Oral Cancer Screening

There is an exciting new test being rolled out in dentist’s offices that will hopefully have a huge impact on mouth cancer, something that hits around 30,000 Americans each year, believe it or not.

There is an exciting new test being rolled out in dentist’s offices that will hopefully have a huge impact on mouth cancer, something that hits around 30,000 Americans each year, believe it or not. It’s a simple light test that can detect cancer very early on. Mouth cancer is not easily picked up in the early stages.

By the time it does appear, it’s often spread. This screening test may increase the survival rate to as much as 90 percent. All you have to do is go for your regular dental checkup. Shirley Shuman does just that. “I go to the dentist every 3 months for a cleaning, an examanation and so far it has been OK.”

While you don’t typically think of a visit to the dentist as a cancer screening opportunity--it is. But that exam has been far from perfect, until now. The new Velscope, recently cleared by the FDA, is an easy, noninvasive way to detect early on oral, or mouth cancers, before they get to the advanced stage. And it does it using what appears to be a fancy flashlight.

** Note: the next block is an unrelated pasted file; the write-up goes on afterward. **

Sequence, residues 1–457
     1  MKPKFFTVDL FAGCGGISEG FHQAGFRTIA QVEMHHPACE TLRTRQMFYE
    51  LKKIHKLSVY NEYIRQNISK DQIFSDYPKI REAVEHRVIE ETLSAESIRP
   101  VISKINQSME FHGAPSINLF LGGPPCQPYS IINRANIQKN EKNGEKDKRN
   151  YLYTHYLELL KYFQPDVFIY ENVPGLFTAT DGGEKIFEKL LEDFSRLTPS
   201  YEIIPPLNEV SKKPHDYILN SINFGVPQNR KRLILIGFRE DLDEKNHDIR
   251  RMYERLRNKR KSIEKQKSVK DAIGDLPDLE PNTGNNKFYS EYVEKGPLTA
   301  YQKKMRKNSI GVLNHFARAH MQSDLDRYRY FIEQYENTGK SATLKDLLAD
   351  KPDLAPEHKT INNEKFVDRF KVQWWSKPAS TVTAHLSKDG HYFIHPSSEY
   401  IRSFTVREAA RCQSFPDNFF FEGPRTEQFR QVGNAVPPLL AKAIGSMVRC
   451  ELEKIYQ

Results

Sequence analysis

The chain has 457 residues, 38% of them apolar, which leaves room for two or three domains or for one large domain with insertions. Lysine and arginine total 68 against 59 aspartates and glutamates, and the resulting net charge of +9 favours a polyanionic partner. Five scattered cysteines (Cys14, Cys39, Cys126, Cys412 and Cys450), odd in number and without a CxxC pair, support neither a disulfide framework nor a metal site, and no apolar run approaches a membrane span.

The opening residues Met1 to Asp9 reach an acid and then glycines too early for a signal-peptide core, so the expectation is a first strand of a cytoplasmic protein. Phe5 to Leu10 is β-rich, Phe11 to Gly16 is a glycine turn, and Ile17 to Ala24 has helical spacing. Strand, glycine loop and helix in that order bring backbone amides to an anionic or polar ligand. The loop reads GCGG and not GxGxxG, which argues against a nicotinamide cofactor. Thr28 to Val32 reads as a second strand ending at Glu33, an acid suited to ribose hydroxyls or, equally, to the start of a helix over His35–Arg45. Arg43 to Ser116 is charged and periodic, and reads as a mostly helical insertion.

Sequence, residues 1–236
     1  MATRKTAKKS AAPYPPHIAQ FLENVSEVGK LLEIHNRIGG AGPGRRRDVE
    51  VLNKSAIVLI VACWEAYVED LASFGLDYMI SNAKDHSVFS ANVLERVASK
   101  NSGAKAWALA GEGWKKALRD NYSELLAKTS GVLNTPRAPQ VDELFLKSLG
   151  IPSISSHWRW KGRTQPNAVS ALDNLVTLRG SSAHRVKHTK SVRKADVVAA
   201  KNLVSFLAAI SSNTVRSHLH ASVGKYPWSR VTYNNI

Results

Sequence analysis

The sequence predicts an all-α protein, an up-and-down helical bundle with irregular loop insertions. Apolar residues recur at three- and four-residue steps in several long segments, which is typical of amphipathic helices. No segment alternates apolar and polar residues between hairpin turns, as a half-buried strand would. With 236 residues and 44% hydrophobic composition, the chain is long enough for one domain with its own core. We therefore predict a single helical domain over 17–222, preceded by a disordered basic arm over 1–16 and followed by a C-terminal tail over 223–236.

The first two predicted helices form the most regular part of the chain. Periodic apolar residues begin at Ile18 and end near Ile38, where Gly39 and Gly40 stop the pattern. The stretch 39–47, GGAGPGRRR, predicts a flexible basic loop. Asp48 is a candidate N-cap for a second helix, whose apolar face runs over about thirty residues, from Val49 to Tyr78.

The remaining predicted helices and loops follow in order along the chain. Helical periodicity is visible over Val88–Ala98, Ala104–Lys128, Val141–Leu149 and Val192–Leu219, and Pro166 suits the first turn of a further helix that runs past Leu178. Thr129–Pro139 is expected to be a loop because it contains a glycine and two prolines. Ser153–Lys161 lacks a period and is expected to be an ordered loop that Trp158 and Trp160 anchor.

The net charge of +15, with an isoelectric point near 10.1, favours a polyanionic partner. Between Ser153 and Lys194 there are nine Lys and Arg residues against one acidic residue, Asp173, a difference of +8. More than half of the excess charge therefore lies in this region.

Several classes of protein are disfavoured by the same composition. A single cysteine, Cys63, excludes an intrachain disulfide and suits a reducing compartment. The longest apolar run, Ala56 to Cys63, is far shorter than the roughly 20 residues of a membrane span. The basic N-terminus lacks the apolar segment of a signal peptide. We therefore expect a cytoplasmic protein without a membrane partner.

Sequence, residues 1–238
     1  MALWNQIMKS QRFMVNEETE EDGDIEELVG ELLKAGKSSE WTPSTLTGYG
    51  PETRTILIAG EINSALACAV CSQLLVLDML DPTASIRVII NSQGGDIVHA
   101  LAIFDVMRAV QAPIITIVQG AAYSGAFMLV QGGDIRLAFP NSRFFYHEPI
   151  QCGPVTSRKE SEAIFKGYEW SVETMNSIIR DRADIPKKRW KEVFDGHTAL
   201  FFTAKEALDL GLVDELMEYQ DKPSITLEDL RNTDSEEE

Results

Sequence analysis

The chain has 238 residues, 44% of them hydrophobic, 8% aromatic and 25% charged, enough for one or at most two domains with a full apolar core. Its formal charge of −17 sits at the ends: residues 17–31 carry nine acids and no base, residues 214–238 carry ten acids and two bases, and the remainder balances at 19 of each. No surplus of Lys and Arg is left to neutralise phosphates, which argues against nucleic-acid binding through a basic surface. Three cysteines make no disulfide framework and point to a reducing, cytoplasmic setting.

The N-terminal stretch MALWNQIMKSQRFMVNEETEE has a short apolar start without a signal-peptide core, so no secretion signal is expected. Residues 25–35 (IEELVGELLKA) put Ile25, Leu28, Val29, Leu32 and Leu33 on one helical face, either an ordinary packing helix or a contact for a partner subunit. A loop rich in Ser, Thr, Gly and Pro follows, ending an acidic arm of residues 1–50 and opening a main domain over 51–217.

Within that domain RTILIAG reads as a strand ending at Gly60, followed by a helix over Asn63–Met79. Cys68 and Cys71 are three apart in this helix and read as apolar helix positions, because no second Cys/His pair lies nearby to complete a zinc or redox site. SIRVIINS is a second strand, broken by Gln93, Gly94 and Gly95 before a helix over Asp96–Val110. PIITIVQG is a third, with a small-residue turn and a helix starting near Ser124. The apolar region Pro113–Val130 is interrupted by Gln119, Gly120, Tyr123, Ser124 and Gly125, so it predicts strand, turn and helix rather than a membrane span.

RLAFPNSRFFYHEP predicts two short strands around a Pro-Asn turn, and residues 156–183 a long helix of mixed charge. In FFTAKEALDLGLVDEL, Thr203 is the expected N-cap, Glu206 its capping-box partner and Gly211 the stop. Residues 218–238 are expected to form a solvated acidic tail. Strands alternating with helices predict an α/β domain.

“The way that velescope works is by a procedure known as autoflourscents. Every tissue in the mouth and everywhere body absorbs a certain amount of light and reflects a certain amount of light back at you. The light that is reflected back at you , is the color that we actually perceive,” says Dr. Robert Convissar, a Manhattan-based cosmetic and laser dentist.

Normal tissue reflects back green. Abnormal tissue hidden in the deep layers which may be cancerous shows up brown to black. “The good news is that most lesions found in patients mouths are benign. So the fact that we find something doesn’t mean that somebody necessairly has cancer,” states Dr. Convissar. And if a cancer is suspected, a quick biopsy can be done.

Dr. Convissar says every patient should be screened with this. Yes, oral cancer is often associated with smoking. Just like HPV causes cervical cancer, there is now a recognized association with mouth cancer also. So many nonsmokers are getting this, even those in their 20’s to 40’s who are sexually active.

“If oral cancer is caught early, we have a survival rate of 80 to 90. Every dentist should have this. This should be the standard of care,” believes Dr. Convissar. Shirley, who used to be a smoker, which puts her at risk for mouth cancer, is thankful this test is now available. “Well it seemed to be thorough and painless,” she reports. And that’s a pleasurable trip to the dentist.


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